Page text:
From Rise to Red Top: The Role of the Mirror in Shaping British Journalism

Old and New cover of Mirror

│By Rebecca Bowden, Associate Acquisitions Editor, Gale Primary Sources│

From its inception in 1903, the Mirror has played a pivotal role in the history of British journalism, and today is the only mainstream, left-wing tabloid remaining in the UK. The newspaper has had a history of highs and lows, peaking in 1967 with a daily circulation of 5.25 million; understanding that history is an essential part of understanding British historical journalism. The Mirror not only played a prominent role in shaping newspapers as we know them today, but also acts as a distinctive counterpoint to the more conservative reporting in much of Britain’s mainstream press.

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Humanity and Courage: Refugees and the Memory of Those Who Saved Them

Refugees leave a life boat

│By Rebecca Bowden, Associate Acquisitions Editor, Gale Primary Sources

By the end of 2018, the UN reported that an unprecedented 70.8 million people had been forced from their homes by conflict and persecution. Since its start on 15 March 2011, the Syrian Civil War has caused nearly 6.7 million Syrians to become refugees, with another 6.2 million people displaced within Syria. At the same time, the number of refugees from across North Africa increased significantly with the Arab uprisings of 2011. Additional refugee crises arose throughout the 2010s – although there has been little reporting on the subject, such as the over four million Venezuelans who have left their country since 2014. Most recently, there has been the much better covered flight of 900,000 Rohingya to Myanmar. Modern warfare, internecine strife, economic disruption and now climate change have both accelerated the number and exacerbated the breadth of refugee crises, impacting governments and straining international relations.

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Introducing ‘Women’s Studies Archive: Voice and Vision’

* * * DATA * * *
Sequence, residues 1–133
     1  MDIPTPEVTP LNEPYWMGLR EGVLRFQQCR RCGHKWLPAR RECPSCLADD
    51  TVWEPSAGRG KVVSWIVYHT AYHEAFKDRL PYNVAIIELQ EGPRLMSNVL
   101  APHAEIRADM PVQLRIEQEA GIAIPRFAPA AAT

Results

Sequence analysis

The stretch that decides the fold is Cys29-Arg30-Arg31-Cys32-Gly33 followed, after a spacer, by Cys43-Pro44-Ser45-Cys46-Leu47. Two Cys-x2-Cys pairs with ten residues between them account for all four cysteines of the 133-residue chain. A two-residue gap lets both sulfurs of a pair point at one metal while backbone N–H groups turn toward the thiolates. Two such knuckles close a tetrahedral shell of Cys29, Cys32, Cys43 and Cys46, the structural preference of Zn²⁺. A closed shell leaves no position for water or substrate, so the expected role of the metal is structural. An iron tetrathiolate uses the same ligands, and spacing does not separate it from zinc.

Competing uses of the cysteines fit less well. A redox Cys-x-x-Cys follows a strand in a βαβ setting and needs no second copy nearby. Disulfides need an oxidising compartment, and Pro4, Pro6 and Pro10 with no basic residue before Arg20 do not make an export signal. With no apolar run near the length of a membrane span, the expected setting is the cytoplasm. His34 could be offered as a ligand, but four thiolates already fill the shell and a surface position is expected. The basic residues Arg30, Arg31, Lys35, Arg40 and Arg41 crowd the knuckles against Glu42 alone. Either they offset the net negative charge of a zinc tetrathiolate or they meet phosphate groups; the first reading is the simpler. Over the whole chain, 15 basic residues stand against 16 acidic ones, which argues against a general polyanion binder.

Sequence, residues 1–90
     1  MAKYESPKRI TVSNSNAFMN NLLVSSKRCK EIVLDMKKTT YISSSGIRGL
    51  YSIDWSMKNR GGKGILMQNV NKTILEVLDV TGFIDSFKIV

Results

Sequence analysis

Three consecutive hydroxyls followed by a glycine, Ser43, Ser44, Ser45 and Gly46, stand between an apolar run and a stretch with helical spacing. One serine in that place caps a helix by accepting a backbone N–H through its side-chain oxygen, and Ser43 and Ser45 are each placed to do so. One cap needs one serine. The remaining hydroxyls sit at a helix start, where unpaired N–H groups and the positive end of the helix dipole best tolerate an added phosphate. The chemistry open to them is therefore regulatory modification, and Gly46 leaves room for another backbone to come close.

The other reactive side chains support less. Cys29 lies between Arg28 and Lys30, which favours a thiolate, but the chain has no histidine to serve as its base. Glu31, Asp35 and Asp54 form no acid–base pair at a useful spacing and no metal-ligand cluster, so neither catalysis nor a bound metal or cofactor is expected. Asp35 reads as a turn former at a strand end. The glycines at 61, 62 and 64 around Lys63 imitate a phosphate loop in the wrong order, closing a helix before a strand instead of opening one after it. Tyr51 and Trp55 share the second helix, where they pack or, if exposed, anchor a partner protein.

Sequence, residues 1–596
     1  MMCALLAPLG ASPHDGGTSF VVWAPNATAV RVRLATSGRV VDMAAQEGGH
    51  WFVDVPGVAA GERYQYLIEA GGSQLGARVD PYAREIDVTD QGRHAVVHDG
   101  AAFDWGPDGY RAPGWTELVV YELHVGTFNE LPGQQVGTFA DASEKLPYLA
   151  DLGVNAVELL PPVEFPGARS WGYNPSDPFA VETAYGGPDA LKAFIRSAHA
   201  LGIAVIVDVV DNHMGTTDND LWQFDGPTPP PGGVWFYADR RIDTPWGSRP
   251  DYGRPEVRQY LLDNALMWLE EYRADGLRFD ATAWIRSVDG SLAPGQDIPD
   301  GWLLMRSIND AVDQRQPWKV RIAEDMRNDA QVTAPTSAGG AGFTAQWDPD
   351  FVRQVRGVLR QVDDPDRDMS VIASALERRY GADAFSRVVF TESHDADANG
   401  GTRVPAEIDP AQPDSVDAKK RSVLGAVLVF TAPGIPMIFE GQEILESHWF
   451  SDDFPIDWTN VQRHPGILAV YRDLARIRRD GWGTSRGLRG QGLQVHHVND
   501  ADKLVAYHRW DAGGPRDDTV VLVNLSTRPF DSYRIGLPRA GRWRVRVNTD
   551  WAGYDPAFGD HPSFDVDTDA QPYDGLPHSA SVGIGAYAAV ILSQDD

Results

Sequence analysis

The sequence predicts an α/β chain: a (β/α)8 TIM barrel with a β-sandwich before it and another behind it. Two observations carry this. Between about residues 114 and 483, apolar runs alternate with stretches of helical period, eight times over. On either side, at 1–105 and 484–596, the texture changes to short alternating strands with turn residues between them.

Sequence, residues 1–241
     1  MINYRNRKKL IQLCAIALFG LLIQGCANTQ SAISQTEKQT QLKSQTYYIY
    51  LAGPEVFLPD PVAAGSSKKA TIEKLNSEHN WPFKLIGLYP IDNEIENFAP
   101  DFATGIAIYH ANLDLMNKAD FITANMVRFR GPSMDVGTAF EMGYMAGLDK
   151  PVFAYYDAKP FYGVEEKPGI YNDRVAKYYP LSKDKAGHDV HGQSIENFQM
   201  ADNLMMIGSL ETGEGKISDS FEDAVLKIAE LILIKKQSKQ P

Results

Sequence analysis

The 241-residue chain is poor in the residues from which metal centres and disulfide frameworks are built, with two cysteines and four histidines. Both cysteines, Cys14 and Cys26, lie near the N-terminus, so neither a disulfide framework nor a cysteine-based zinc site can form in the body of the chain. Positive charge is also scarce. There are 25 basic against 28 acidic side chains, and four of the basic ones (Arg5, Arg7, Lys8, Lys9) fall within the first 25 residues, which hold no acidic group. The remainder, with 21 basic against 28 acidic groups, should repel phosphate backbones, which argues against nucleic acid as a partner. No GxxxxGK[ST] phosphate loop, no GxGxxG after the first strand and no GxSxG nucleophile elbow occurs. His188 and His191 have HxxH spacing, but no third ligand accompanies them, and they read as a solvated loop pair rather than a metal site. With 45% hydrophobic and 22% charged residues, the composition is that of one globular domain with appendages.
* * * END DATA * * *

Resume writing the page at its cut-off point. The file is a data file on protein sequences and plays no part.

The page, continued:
"The Latest Paris Fashions." Myra's Journal, 1 Apr. 1889. Women's Studies Archive

│By Rachel Holt, Gale Primary Sources Acquisitions Editor

​ Rachel Holt is an Acquisitions Editor at Gale, working on the Gale Primary Sources portfolio. Managing the Women’s Studies Archive series, Rachel works closely with source libraries and other archival institutions around the world and tracks academic trends in Women’s and Gender Studies to ascertain which primary sources are required. In this blog post she answers the following questions about the new module, Voice and Vision:


  • What is in this new archive?

  • Why did Gale digitise these particular collections?

  • Why have we called the new instalment Voice and Vision?

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    Cultural Appropriation or Swiftian Satire? Gilbert and Sullivan’s The Mikado

    “The Mikado.” Illustrated London News, 4 Apr. 1885

    | by Masaki Morisawa, Senior Product Manager, Library Reference, Tokyo |

    Last year, an American high school student’s twitter account flamed up when she posted prom pictures of herself wearing a cheongsam, or Chinese dress. Some Asian Americans accused her, who is not of Chinese descent, of cultural appropriation. “My culture is NOT your [expletive] prom dress,” wrote one particularly upset commenter. Others, including many Asians living in Asia, defended her actions and dismissed such criticism as irrelevant.

    While “cultural appropriation” is a fairly recent term, similar debates have arisen in the past where the borrowing of “exotic” elements from foreign cultures have been criticised as offensive or disrespectful. One such example is Gilbert and Sullivan’s opera The Mikado, a work that is often hailed as the duo’s masterpiece, yet at times has stirred controversy due to its use of Japanese costume and settings. In this post I would like to take a look at the history of Mikado performances and the controversies surrounding them.

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    The Peterloo Massacre, August 1819

    Reform. Libel. -- Sedition. -- Treason. -- Persecution. 1819, January - 1820, November. Radical Politics and the Working Man in England: Part One: Sets 7-11, 13-32, and 34-46 Set 40; Vol 1. British Library. Nineteenth Century Collections Online, https://link.gale.com/apps/doc/CREORT076326165/GDCS?u=webdemo&sid=GDCS&xid=c5017dd3

    │By Clem Delany, Associate Acquisitions Editor│

    Two hundred years ago, on 16th August 1819, at least seventeen people died at St Peter’s Field, Manchester, during a peaceful protest calling for the reform of parliamentary representation.

    This year, the two hundred-year anniversary, has been marked in the UK by a wealth of newspaper articles covering ‘a tragic event of minor historical significance that happens to accord with a Marxist version of Britain’s past’ 1 (The Times) or ‘the bloodiest event on English soil in the nineteenth century’ 2 (The Daily Mail). The BBC, from its new headquarters in Manchester, produced ten radio programmes and performances to mark the anniversary. You can buy a Peterloo mug or a Peterloo tea towel, and around Manchester live music, poetry readings, open-air karaoke and other family-friendly events took place over the weekend.

    I dug through the Gale archives to see how the event was represented at the time, and at its centennial in 1919.

    Read moreThe Peterloo Massacre, August 1819